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Development of new Co-based superalloys utilizing ICME-based approaches

题目/TitleDevelopment of new Co-based superalloys utilizing ICME-based approaches

报告人/SpeakerDr. Michael S. Titus, Assistant Professor

报告人工作单位/AffiliationDepartment of Materials Engineering,

Purdue University (普渡大学)

日期/Date201858(期二)May 8 (Tuesday), 2018

时间/Time2:30 - 4:00 PM

联系人/Contact冯强 教授(邹敏,zoumin_1200@163.com

报告地点/Location北京科技大学主楼 353, 353 Main BuildingUSTB

报告摘要/Abstract

      Since the discovery of the metastable γ’-Co3(Al,W) phase of L12 (ordered fcc) crystal structure, development of new γ’-strengthened Co-based alloys has moved extremely quickly when compared to development cycles of years past. This talk will focus on the development of new γ’-strengthened Co-based superalloys for single crystal high pressure turbine blade components in gas turbine engines and will focus on the maximization of the γ’-solvus temperature and γ’ superlattice intrinsic stacking fault (SISF) energy. Through use of the CALPHAD method for phase equilibria calculations, the γ’-solvus can be optimized through a balance of Ni, Al, W, Ta, Nb, and Ti additions. First-principles calculations utilizing density functional theory can then determine the composition- and temperature-dependent SISF energies, which control the high temperature creep strength of this new class of alloys. The current state-of-the-art alloys will be presented alongside the path taken, through ICME-based approaches, to arrive at the current generation of Co-based superalloys.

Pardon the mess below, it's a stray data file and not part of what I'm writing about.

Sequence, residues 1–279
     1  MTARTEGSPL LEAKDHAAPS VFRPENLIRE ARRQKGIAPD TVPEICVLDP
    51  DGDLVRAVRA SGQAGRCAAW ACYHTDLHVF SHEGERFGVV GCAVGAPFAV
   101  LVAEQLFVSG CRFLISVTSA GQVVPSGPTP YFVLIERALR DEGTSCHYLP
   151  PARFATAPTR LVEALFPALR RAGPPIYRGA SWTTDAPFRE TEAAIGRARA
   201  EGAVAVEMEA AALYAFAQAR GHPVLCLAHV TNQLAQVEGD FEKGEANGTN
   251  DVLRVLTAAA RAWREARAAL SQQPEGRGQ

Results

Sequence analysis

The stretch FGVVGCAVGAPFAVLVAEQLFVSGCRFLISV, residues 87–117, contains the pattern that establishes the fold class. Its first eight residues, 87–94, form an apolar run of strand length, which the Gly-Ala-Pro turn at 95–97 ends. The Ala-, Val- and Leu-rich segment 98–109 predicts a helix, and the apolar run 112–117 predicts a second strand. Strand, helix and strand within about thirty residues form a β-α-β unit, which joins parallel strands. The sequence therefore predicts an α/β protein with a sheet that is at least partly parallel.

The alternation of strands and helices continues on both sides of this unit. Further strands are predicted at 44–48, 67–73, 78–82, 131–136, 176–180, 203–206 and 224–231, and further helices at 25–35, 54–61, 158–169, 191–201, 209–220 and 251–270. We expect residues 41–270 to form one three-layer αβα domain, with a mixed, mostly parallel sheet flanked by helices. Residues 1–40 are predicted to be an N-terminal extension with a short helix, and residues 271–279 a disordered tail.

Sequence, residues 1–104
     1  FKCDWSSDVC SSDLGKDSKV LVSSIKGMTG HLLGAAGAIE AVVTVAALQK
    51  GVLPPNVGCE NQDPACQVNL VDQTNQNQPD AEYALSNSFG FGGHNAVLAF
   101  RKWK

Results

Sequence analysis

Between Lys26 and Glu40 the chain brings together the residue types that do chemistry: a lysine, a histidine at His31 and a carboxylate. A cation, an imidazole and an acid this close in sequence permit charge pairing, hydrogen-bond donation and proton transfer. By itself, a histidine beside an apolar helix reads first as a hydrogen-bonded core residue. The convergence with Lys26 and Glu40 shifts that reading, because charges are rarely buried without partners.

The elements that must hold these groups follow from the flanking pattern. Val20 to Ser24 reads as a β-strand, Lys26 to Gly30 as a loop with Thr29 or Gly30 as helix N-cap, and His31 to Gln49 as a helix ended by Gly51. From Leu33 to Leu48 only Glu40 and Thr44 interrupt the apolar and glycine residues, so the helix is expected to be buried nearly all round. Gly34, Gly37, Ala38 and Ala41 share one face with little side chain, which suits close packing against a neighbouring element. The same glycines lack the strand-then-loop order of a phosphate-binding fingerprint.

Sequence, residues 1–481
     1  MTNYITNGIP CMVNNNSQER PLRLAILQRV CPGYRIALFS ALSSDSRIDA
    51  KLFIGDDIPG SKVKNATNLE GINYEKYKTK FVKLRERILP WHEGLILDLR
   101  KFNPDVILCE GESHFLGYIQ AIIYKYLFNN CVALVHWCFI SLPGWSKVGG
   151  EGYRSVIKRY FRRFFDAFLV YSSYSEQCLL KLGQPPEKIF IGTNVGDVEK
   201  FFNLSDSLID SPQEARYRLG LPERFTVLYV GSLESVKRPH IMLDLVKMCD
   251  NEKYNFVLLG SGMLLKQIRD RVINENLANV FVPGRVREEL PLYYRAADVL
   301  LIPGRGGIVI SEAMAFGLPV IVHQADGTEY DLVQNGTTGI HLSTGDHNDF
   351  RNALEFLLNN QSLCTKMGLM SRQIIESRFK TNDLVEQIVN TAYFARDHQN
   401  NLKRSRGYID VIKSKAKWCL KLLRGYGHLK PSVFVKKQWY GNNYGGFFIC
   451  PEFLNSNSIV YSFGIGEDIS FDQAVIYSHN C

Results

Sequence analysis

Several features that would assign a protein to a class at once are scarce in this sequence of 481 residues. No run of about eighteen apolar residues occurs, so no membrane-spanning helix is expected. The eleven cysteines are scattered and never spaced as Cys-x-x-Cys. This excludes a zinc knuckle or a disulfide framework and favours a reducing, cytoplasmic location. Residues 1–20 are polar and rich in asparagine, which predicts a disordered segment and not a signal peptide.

作者简介/Speaker’s short biography

 Michael joined the School of Materials Engineering at Purdue University as an Assistant Professor in December 2016. Michael completed his B.S. in Engineering (The Ohio State University) in 2010 and Ph.D. in Materials (University of California Santa Barbara) in 2015. From 2015 to 2016 he was an Alexander von Humboldt Postdoctoral Fellow at the Max Planck Institute for Iron Research in Dusseldorf, Germany. Michael has co-authored 15 peer-reviewed journal articles and contributed more than 15 presentations at conferences since 2012. Michael’s current research interests include understanding complex deformation mechanisms in structural alloys at elevated temperatures, quantification of defect structure and chemistry through advanced electron microscopy and first-principles calculations, and the accelerated discovery and development of structural alloys through an integrated, high-throughput experimental, thermodynamic modeling, and first-principles calculations approach.